Avoid becoming sunburned in the first place to stop your skin from peeling.

There is some good news for those of you who despise the appearance and sensation of dead skin peeling off your body in large pieces that resemble paper matches. If you take precautions to stop yourself from being sunburned in the first place, you won’t ever have to go through the painful process of peeling skin from a sunburn again.

Protecting your skin from the sun’s rays by covering it up with a hat, long sleeves, trousers, or shoes with closed toes is one of the most important things you can do. A sunburn is the result of your skin being subjected to an excessive amount of ultraviolet (UV) light. You can protect an existing sunburn from further damage that might raise the chance of significant peeling if you wear protective clothing or cover up if you already have one.


1. How long does it take for the peeling caused by sunburn to go away?

A sunburn is a painful and reddened skin condition caused by overexposure to the sun. After a few days, it can start to flake and peel. You should be able to cure it on your own. In most cases, recovery takes place within a week.

2. What happens if you peel the skin that has been sunburned?

To make matters worse, peeling skin before it is ready to do so might interfere with the healing process and leave you vulnerable to infection. Picking at the skin can also cause scarring on the layer beneath the injury, similar to that caused by acne. Because the skin does not always peel in the same direction at the same time, tearing off portions of flaky skin might result in the removal of healthy skin by accident.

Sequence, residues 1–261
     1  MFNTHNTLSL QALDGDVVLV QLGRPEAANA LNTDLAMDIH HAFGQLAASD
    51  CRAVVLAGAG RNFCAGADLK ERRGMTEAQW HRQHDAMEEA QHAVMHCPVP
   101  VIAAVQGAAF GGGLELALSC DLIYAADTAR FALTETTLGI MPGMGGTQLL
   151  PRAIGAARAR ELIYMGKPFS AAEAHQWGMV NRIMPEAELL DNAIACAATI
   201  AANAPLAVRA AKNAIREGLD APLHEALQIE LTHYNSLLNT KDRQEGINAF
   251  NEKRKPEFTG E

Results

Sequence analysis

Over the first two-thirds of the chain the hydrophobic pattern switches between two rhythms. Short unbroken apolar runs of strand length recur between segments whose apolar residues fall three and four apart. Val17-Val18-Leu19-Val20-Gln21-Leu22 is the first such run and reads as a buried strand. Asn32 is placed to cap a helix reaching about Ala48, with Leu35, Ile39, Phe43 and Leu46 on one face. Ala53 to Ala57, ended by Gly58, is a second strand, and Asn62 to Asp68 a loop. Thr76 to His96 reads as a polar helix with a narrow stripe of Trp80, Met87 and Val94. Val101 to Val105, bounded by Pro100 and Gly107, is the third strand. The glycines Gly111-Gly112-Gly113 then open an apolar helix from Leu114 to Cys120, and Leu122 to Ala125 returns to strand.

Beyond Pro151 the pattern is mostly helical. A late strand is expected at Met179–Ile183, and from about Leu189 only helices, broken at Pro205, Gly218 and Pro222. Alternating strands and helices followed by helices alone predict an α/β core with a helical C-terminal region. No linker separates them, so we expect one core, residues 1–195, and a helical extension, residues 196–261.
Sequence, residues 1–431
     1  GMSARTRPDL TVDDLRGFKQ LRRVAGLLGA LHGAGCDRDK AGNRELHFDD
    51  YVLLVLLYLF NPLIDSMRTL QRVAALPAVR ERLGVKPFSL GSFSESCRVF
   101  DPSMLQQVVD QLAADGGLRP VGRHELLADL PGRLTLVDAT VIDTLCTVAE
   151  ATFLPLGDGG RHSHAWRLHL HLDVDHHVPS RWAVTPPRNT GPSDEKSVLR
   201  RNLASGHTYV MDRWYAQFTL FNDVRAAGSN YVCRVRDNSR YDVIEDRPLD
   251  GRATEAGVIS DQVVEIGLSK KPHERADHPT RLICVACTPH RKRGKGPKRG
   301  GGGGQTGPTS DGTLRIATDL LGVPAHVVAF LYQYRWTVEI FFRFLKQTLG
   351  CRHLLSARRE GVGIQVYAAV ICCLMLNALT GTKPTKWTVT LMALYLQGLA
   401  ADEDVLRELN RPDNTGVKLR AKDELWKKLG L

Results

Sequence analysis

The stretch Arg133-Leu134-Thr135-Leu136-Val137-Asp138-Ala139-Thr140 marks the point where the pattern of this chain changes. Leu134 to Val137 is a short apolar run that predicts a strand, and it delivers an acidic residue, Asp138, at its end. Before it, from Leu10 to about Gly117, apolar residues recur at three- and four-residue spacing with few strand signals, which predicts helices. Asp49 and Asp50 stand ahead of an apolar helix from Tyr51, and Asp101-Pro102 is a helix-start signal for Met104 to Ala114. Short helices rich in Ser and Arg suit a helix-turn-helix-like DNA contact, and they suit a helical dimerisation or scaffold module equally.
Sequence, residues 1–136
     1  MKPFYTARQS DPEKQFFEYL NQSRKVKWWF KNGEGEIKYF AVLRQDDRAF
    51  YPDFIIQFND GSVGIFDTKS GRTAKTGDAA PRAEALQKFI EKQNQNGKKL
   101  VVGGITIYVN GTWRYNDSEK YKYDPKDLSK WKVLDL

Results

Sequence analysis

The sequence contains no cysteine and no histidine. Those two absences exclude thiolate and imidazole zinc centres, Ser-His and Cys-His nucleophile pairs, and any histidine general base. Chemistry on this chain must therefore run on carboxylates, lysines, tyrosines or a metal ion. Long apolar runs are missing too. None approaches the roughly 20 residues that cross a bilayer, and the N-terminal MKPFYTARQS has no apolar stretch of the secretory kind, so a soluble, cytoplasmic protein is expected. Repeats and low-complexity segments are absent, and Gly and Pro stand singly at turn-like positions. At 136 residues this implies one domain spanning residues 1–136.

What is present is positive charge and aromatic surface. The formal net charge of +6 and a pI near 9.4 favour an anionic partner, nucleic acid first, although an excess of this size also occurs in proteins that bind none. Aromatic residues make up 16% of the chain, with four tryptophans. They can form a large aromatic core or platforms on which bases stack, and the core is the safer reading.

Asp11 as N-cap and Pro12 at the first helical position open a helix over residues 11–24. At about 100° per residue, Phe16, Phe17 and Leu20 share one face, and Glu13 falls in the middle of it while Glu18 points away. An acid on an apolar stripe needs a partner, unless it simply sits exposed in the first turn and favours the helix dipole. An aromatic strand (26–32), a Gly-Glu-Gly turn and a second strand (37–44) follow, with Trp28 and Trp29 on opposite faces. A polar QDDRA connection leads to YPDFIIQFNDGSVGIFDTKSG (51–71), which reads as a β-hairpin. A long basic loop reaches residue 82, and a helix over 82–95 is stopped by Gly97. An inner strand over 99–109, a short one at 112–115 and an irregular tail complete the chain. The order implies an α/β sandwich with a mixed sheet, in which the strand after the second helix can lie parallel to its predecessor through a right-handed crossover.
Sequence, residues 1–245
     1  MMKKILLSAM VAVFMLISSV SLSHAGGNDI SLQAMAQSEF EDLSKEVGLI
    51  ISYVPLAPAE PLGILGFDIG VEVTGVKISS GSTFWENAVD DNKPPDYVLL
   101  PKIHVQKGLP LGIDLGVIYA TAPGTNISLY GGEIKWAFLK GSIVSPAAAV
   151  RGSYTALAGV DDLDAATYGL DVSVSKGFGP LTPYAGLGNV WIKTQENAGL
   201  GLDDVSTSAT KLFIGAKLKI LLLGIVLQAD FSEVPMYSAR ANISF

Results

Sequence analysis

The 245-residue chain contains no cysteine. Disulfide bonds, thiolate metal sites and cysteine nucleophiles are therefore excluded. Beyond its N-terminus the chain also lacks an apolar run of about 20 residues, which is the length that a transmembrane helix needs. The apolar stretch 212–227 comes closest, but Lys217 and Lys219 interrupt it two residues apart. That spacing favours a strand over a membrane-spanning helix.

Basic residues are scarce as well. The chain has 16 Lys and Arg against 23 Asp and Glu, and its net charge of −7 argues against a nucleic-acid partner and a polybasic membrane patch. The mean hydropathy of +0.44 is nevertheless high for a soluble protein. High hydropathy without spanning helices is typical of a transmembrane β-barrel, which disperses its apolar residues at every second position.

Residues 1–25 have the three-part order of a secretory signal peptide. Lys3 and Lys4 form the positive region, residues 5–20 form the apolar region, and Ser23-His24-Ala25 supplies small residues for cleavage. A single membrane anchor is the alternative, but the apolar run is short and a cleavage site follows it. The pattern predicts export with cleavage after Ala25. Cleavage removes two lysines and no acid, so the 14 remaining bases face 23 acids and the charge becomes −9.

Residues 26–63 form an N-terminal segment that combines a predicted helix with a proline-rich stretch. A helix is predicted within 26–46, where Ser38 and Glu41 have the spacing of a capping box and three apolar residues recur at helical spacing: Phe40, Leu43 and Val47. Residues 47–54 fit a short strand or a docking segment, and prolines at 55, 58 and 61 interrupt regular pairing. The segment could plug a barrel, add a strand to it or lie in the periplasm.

3. Is it possible to get a tan from a sunburn that is peeling?

There is no assurance that a tan will develop from sunburn, particularly if you have pale skin. Fair-skinned people tend to burn more easily. Using a self-tanning product or getting a spray tan is your best choice for achieving a tan that is not only assured but also safe. You may do it yourself or have someone else do it for you.


Your mental health is closely linked to the appearance of your skin. Sunburn is the most common cause of damage to the epidermis, the outermost layer of your skin, which can cause dryness and peeling of the skin. Peeling skin is a symptom that should be taken seriously since it might indicate a malfunction of the immune system or another sickness. It may also trigger mental health issues such as social anxiety and depression.

Before attempting any home treatments for your peeling skin, consult a healthcare practitioner. The easiest way to connect with a doctor online is via Marham. Your doctor may refer you to a cosmetic dermatologist who has the training and experience needed to treat your condition. You may also need to speak with a therapist if you have become seriously depressed and unmotivated for more than two weeks.